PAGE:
Blog posts about the Avery Doninger Case

Tinkering with Students’ Lives

Lauren Doninger and Mary Beth Tinker, originally uploaded by Aldon.

In December 1965, a thirteen year old student wore a black armband to school to protest the Vietnam war. It was a small act, and did not lead to any immediate de-escalation of the conflict in Vietnam. She probably didn’t expect her arm band to end the war, but she also probably didn’t expect it to change her life, and the life of others that way it did.

Four years later, the Supreme Court ruled that the school violated Ms. Tinker’s First Amendment Freedom of Speech when they sent her home for wearing that armband.

Last night, she spoke at the ACLU of Connecticut’s Milton Sorokin Symposium, “Students and Schools Pushing the Limits of Free Speech”. The evening started off with Justice Richard N. Palmer presenting the 2009 First Amendment Essay Contest winners. These students had written essays on the topic, “In what circumstance should a school be able to punish students for their speech off campus?”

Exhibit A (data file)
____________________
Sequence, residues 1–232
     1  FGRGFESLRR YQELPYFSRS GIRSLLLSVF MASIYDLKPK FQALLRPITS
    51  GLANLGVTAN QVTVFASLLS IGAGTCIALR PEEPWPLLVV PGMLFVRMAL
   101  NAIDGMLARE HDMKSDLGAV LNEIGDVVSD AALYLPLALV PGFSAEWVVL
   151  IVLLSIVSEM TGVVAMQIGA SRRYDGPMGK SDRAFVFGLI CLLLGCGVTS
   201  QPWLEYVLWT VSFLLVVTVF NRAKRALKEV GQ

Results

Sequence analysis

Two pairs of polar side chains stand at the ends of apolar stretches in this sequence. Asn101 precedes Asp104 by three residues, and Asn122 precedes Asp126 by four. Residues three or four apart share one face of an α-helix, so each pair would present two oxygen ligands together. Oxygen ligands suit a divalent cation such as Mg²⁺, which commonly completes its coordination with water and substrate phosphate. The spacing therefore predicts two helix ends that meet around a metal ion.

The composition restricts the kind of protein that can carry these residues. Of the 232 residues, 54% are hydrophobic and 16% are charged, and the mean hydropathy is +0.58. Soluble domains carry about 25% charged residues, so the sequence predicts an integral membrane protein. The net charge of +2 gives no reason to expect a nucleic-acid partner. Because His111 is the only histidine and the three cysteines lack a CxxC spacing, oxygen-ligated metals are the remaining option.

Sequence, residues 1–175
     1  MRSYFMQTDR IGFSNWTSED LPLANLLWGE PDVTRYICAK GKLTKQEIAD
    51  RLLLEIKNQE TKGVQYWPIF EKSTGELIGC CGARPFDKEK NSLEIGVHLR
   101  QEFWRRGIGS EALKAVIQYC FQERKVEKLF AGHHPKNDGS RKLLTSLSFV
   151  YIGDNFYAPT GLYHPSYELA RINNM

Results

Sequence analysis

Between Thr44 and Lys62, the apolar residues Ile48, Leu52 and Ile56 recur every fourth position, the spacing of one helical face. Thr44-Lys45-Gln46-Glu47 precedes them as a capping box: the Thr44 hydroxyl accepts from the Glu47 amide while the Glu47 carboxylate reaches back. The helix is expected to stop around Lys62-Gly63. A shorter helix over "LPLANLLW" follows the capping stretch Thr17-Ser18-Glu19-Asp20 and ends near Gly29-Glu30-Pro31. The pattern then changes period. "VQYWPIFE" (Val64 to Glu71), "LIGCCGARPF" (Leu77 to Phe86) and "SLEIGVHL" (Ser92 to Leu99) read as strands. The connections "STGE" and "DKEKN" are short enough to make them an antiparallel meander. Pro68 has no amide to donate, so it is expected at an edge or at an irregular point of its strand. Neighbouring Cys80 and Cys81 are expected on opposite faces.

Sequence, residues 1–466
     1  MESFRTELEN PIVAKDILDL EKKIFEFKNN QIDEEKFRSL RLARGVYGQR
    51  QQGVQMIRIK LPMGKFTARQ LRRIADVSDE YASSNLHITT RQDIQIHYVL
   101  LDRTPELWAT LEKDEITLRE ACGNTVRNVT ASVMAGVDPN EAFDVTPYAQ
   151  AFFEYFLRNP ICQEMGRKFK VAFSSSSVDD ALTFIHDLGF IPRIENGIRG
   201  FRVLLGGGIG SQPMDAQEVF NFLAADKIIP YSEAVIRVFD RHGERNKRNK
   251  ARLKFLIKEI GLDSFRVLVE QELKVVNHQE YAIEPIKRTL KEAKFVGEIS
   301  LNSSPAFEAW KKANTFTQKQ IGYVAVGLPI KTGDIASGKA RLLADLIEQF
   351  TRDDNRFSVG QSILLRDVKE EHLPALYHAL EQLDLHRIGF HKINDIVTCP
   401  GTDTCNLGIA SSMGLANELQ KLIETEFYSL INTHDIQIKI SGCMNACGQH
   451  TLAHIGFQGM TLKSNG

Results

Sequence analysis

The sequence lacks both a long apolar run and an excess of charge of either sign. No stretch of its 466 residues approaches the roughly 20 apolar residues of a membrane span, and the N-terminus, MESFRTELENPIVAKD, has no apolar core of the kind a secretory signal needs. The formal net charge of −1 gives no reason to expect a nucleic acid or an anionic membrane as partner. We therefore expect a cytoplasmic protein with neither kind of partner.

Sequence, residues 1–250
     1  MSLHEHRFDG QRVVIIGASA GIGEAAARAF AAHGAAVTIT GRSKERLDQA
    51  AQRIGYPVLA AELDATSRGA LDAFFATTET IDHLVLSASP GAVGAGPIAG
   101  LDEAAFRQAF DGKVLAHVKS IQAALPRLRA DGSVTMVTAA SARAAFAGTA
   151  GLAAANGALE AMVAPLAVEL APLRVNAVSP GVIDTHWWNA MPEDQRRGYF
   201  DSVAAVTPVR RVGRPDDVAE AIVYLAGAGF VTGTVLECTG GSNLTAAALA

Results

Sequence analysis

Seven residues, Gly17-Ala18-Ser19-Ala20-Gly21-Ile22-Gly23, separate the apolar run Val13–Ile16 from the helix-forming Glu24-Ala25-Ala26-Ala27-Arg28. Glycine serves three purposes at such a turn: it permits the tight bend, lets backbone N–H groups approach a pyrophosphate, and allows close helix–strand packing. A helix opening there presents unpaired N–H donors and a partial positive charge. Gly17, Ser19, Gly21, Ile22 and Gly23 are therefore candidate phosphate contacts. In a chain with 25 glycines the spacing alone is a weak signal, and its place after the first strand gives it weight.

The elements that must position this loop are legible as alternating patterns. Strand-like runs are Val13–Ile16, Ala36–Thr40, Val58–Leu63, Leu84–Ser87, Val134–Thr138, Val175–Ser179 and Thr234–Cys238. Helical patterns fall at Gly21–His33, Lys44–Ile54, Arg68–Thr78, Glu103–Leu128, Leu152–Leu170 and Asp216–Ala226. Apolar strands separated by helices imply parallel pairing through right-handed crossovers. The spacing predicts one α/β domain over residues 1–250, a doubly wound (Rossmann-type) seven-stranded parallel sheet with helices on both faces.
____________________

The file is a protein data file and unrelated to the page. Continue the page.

The evening was moderated by Laurie Perez of Fox 61 News who has written about the Doninger case and noted that this case is the most searched item on the Fox 61 News website.

Many lawyers seemed star struck to be in the presence of a plaintiff of such an important Supreme Court case. What sort of message would Ms. Tinker deliver? How had the event changed her life? What were the influences that led her to wearing the arm band on that fateful day, and what had her life turned out to be like forty years later?

Ms. Tinker spoke about her father being a Methodist minister and how she had been brought up with the exhortation to comfort the afflicted and afflict the comfortable. She spoke about moving out of one town because of her father’s involvement in the Civil Rights movement and dinner time discussions about her parents’ experiences going to register voters in the south in 1964.

She commented that “That’s the sort of person I want to be, to stand up for what is right”, and spoke about the importance of telling stories not only about Cinderella, but also about brave people who stood up for what they believed in.